I always joke that I like to learn things the hard way. But really, that isn’t too far off the mark. Over the years I have accumulated a fair amount of knowledge about painting furniture that was mostly acquired by making mistakes and then learning from them.
I know there are other (and most would say better) ways to learn, such as taking a class or workshop. I’ve taken a couple of workshops in my day too. They are absolutely great for learning the basics, but you can’t learn every last detail in the space of just a few hours. Another way to learn is by reading blogs like mine. We make the mistakes so that you don’t have to!
In the long run, experience ultimately comes from practicing, trying things out, and yes, making mistakes.
So today I thought I’d share some of the lessons I’ve learned by making mistakes.
No. 1 – Do not apply a furniture transfer over freshly applied wax.
I wanted to use dark wax over bare wood on this piano stool seat to add some color. For some reason, I thought I needed to wax before adding the transfer. Big mistake. The rubbing motion that you use to apply a transfer creates friction, friction creates heat, heat turns freshly applied wax and the adhesive of the transfer into a sticky gooey mess. I simply couldn’t get any more of that transfer to adhere to the stool.
By the way, this experience also taught me that it’s fairly difficult to remove a transfer too. Even though parts of this transfer wouldn’t adhere at all, the parts that did adhere were stuck down good. I tried using mineral spirits and a scrubbing pad and after lots of elbow grease I only got this far …
I broke out the orbital sander and sanded the entire seat down to bare wood. Then I stained the stool top to give it some color. Next, I added the transfer, followed by wax. It turned out beautifully.
A little sidebar: I refinished that stool in March 2018, long before I painted my piano black. Then I sold it. Kicking myself now because this stool would be perfect with my now black piano! I’ll be on the hunt for another like it while garage saling this summer.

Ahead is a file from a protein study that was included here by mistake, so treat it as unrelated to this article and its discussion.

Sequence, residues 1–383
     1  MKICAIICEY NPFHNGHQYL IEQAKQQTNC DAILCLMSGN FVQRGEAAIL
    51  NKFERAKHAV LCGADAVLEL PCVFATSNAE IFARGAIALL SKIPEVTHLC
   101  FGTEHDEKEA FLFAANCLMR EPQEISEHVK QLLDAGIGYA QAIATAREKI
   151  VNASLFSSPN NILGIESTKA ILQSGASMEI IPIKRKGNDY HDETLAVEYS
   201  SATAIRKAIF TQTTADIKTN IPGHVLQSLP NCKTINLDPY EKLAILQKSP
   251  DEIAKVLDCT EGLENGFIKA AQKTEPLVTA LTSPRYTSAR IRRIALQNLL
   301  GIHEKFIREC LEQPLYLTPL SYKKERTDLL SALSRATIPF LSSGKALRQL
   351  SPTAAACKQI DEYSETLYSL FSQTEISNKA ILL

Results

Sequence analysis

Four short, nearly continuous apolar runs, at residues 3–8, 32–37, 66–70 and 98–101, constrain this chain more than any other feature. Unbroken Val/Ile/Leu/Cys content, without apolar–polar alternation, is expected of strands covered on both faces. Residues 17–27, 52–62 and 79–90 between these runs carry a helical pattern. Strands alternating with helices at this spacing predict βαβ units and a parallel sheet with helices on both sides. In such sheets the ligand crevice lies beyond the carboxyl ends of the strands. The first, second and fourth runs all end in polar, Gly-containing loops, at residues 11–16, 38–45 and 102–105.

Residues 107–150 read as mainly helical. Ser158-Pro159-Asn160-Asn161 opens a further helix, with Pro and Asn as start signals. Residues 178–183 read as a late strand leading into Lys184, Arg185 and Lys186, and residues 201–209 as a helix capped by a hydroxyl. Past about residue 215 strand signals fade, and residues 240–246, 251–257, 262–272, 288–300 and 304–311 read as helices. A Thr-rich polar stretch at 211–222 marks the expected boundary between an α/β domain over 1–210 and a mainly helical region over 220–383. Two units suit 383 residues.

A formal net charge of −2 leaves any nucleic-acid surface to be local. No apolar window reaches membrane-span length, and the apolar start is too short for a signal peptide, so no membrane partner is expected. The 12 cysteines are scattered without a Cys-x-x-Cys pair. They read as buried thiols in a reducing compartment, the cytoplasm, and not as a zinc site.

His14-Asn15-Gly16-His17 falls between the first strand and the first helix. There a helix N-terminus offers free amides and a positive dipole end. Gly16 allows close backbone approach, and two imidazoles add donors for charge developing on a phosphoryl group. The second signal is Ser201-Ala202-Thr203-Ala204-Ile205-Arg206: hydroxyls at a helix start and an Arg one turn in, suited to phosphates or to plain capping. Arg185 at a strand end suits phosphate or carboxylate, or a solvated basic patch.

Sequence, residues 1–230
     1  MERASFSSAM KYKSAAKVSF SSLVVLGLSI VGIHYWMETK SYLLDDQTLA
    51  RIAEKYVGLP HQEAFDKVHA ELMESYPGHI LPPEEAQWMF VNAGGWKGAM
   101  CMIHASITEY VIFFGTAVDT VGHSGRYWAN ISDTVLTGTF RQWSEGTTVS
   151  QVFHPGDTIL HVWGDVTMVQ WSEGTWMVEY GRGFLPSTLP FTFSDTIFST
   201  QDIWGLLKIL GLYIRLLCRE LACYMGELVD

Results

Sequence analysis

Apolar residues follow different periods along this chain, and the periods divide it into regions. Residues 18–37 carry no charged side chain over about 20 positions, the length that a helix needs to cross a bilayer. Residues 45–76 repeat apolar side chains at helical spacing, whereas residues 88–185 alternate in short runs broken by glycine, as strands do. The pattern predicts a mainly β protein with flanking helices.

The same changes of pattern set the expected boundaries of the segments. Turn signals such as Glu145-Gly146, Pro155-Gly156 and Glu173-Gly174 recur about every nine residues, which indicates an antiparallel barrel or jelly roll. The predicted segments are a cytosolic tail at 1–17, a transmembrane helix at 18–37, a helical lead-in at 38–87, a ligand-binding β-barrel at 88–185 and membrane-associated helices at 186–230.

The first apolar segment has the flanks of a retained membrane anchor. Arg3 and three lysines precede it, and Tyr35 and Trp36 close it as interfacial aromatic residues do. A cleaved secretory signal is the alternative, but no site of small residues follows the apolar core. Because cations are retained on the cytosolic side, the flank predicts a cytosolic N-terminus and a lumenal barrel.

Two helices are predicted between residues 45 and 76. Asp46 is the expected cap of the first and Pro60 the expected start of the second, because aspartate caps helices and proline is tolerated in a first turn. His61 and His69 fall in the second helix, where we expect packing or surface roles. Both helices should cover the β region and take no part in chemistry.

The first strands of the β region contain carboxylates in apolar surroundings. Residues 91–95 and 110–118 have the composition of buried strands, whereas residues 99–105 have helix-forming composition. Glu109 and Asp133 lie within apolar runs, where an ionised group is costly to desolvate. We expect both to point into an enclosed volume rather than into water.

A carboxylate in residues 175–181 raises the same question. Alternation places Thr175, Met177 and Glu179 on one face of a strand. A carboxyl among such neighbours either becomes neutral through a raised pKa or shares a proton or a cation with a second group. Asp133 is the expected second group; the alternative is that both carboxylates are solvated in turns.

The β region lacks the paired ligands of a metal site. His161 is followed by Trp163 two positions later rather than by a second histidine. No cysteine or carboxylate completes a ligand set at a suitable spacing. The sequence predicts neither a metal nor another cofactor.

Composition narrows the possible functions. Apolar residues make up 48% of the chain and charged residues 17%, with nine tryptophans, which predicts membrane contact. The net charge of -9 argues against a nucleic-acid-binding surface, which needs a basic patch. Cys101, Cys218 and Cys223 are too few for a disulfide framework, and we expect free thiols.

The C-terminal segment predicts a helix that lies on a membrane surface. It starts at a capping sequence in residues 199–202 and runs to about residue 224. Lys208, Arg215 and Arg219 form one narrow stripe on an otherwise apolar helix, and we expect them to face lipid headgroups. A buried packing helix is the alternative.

q tip: If you decide you simply must have a transfer on your piece but you’ve already waxed it, you will need to wait 30 days for the wax to cure before adding the transfer. Or you could remove the wax with mineral spirits, but who wants to go down that road?
No. 2 – Do not use Color Change Wood Filler when painting a piece with milk paint.
This is the Elmer’s Carpenter’s Color Change Wood Filler. It goes on purple and when it turns white you know that it’s dry. The packaging says it is paintable and stainable. So it seemed like a reasonable choice at the time. The problem is, because milk paint is much thinner (ie. more watery) than other paints it turns the filler back to purple! I suspect this might happen with chalk style paints too, but I’ve never tried it.
I used it on a desk that I was painting with Miss Mustard Seeds Marzipan. Not only did the paint turn purple, but I then tried sealing it with Tough Coat and repainting, but the purple still bled thru that too (keep in mind that Tough Coat is not intended to seal bleed thru, I just thought I’d try it).
Since it was summer, I used some spray paint primer to block the purple bleed thru. Then I repainted the entire side of the desk with the Marzipan.
No. 3 – Do not use the Prima Marketing Décor stamps with ink over milk or chalk paint without a topcoat.
This pair of nightstands were perfect for trying out the Decor Stamps. However, I had painted them with milk paint and hadn’t added a top coat yet. Because milk paint is so porous it soaked up the ink like a sponge and the pretty stamp that started out looking crisp and fabulous bled into the paint and after about 10 minutes it ended up looking like a fuzzy mess.
After realizing the error of my ways, I painted a test board with several different treatments and then tried the stamp over them.